Imo Judiciary is on life support, says ex-magistrate

Gov Rochas Okorocha. Photo credit: Twitter

As the issue of non-payment of Imo judges’ allowances for about 16 months and other frustrations on the judicial officers continue to rage, a magistrate in Imo State, Dr. Ahiezechukwu Daniel, has resigned his appointment, saying that arm of government is on ‘life support.’

He accused the state government of frustrating and putting that arm of government into a state of backwardness.

Daniel who spoke at the weekend while addressing newsmen and members of the African Democratic Congress (ADC), said he tendered his resignation last December, after considering the high level of sufferings the state government, under the watch of Rochas Okorocha has subjected the judiciary to, allegedly cutting the salaries and allowances of both judges and magistrates at will.

As a result, he said he was prepared to govern the state. He promised to save the judiciary by restoring the lost glory of the courts to desirable standard and that of the state, if given the opportunity in 2019.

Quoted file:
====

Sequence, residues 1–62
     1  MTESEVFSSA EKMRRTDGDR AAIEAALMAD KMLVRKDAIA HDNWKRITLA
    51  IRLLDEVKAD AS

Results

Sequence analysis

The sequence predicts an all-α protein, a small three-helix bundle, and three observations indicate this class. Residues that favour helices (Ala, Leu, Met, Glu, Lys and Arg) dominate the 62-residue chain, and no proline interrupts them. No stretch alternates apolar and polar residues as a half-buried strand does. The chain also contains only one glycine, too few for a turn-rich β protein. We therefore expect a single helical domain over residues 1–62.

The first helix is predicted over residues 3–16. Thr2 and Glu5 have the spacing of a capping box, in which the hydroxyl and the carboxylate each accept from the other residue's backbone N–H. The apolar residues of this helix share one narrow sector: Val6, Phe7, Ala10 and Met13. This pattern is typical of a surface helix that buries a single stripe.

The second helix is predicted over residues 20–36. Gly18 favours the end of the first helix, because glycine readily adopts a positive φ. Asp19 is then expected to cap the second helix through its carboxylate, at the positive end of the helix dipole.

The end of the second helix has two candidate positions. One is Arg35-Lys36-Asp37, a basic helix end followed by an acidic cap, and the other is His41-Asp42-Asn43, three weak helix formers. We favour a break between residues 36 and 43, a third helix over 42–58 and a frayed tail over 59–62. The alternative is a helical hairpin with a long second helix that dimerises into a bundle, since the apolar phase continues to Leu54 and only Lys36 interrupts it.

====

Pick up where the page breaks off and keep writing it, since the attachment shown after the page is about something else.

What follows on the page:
He said: “Imo state judiciary is on life support. Our courts are ramshackle. They are like where sheep are being grazed. As I speak with you, in Imo state, the judges are owed about 14 months of salary. They cannot talk. They are stranded. They cut salaries of magistrates in 2015 by 54 per cent. The same later happened to judges.

Meanwhile, both the immediate past governor of Imo State, Dr. Ikedi Ohakim and the Owerri branch of the Nigerian Bar Association (NBA), have called on the state governor to pay the judges their 16 months allowances.

NBA, chaired by Lawrence Nwakaeti, in separate statements at the weekend, disclosed that the body had filed legal action against the state governor at the Industrial Court, Owerri.

The statement said though the National Judicial Council (NJC) had the statutory duty among others to pay the judges salaries, the state governor has the duty to pay allowances to the judicial officers from the Consolidated Revenue Fund, which the state governor had been accessing.

Reacting to the accusations, the state governor in a statement signed by his Chief Press Secretary, Sam Onwuemeodo, said it was not the duty of the governor to pay judges salaries. He urged them to put their records straight.

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